Hawaii bans sale of sunscreens with coral-harming chemicals

2018-07-04 11:33
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(Photo: iStock)

Hawaii Governor David Ige on Tuesday signed legislation that will ban the sale of sunscreens containing two chemicals believed to harm coral reefs.

The move makes Hawaii the first US state to enact a ban on oxybenzone and octinoxate.

"This is just one small step toward protecting and restoring the resiliency of Hawaii's reefs," Ige said at a signing ceremony for the bill, which takes effect in 2021.

Ige said the state would also need to continue other efforts to protect coral, including fighting invasive species, pollution from land runoff and climate change.

SEE: UPDATE: Hawaii sees 'stable' flow as the island begins to count the lava-damage costs...

 Hawaii Gov. David Ige signs legislation banning the sale of sunscreens containing two chemicals believed to harm coral reefs Tuesday, July 3, 2018, in Honolulu. (Photo: Audrey McAvoy, AP)

Sunscreen containing oxybenzone and octinoxate will only be available to those with a prescription from a physician. Others will have to buy sunscreens without these chemicals or bring their own sunscreen with them to Hawaii.

Scientists have found the two substances can be toxic to coral reefs, which are a vital part of the ocean ecosystem and a popular draw for tourists.

State Sen. Roz Baker, who represents south and west Maui, said the bill has enormous significance because coral is such a fundamental part of a larger ecosystem important to the health of the planet.

SEE: Coral nurseries in Seychelles aim to replenish reefs threatened by climate change

Critics say there aren't enough independent scientific studies supporting the assertion that the chemicals harm coral reefs.

The group Retail Merchants of Hawaii has said it's concerned the ban will discourage people from buying sunscreen at brick and mortar stores.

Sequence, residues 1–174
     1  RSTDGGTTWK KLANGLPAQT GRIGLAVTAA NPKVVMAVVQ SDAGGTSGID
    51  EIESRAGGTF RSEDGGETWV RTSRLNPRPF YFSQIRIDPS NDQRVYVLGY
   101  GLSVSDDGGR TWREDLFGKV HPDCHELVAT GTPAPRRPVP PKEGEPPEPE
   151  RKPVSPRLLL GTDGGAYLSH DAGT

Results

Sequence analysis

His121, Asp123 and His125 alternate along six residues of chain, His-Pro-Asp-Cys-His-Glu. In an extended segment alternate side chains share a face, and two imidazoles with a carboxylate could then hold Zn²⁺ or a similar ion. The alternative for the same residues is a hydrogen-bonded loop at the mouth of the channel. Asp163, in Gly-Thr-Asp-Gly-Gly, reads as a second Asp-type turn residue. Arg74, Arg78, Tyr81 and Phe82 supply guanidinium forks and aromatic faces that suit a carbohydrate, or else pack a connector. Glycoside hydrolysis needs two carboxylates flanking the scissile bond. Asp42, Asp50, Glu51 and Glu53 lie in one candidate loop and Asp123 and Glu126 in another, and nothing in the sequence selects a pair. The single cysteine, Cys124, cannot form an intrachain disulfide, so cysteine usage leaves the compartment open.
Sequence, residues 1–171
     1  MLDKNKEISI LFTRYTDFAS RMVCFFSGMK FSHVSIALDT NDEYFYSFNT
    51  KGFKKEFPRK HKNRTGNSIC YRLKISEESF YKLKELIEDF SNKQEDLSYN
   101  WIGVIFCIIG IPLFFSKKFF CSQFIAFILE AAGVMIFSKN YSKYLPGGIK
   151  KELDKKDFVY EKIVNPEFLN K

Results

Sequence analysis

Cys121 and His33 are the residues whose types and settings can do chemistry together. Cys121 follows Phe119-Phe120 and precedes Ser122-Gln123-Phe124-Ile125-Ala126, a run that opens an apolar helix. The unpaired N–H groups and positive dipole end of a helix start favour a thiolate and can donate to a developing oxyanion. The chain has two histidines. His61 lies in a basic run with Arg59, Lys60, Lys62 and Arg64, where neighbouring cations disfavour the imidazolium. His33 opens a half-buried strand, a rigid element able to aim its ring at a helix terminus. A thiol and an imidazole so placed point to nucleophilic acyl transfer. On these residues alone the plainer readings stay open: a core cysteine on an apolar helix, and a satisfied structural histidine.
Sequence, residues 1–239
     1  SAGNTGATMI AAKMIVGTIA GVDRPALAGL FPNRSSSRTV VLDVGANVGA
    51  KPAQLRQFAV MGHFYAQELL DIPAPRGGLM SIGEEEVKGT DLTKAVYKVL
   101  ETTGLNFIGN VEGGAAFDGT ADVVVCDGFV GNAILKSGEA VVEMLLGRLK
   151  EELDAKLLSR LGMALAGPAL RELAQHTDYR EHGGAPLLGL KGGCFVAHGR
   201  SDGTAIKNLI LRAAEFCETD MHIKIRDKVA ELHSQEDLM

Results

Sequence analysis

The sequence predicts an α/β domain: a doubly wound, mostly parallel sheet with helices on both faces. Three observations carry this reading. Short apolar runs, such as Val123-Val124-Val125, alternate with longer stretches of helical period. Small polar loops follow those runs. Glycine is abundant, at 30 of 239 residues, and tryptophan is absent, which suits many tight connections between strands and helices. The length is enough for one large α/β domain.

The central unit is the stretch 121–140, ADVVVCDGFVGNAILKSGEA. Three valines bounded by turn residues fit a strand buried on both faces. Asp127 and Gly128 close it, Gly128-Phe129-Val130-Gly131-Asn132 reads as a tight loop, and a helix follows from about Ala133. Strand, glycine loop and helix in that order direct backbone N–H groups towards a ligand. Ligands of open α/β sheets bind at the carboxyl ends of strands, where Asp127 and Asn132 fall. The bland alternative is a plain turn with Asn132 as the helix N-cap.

But state Rep. Chris Lee, who represents the Honolulu suburbs of Kailua and Waimanalo, said the law is a necessary step to help Hawaii pass on its reefs, ocean, tourism industry and way of life to the next generation.

Leaders need to act quickly to save what coral world has left, he said.

"We know the tide is against us. We've got limited amount of time," Lee said.

SEE: Half of Hawaii's coral reefs bleached

 Hawaii Gov. David Ige, center, and surrounded by lawmakers, displays legislation he signed in Honolulu on Tuesday, July 3, 2018, banning the sale of sunscreens containing two chemicals believed to harm coral reefs. (Photo: Audrey McAvoy, AP)

Plan Your Trip to Hawaii, USA: 

  • Do SA residents need a visa: Yes a B-2 visitor's visa is required - Read more about that here. It costs roughly R2188,78 ($160) and takes about 5 - 15 working days to process.
  • Currency & exchange rate: Dollar - $1 = R13,67
  • Main Airport: Honolulu International Airport 
  • Airlines that travel there: South African Airways, Emirates, Qatar, Etihad, Jet Blue, United, British Airways, KLM, Turkish Airlines, Air Canada, Delta and more etc. Search for flights here.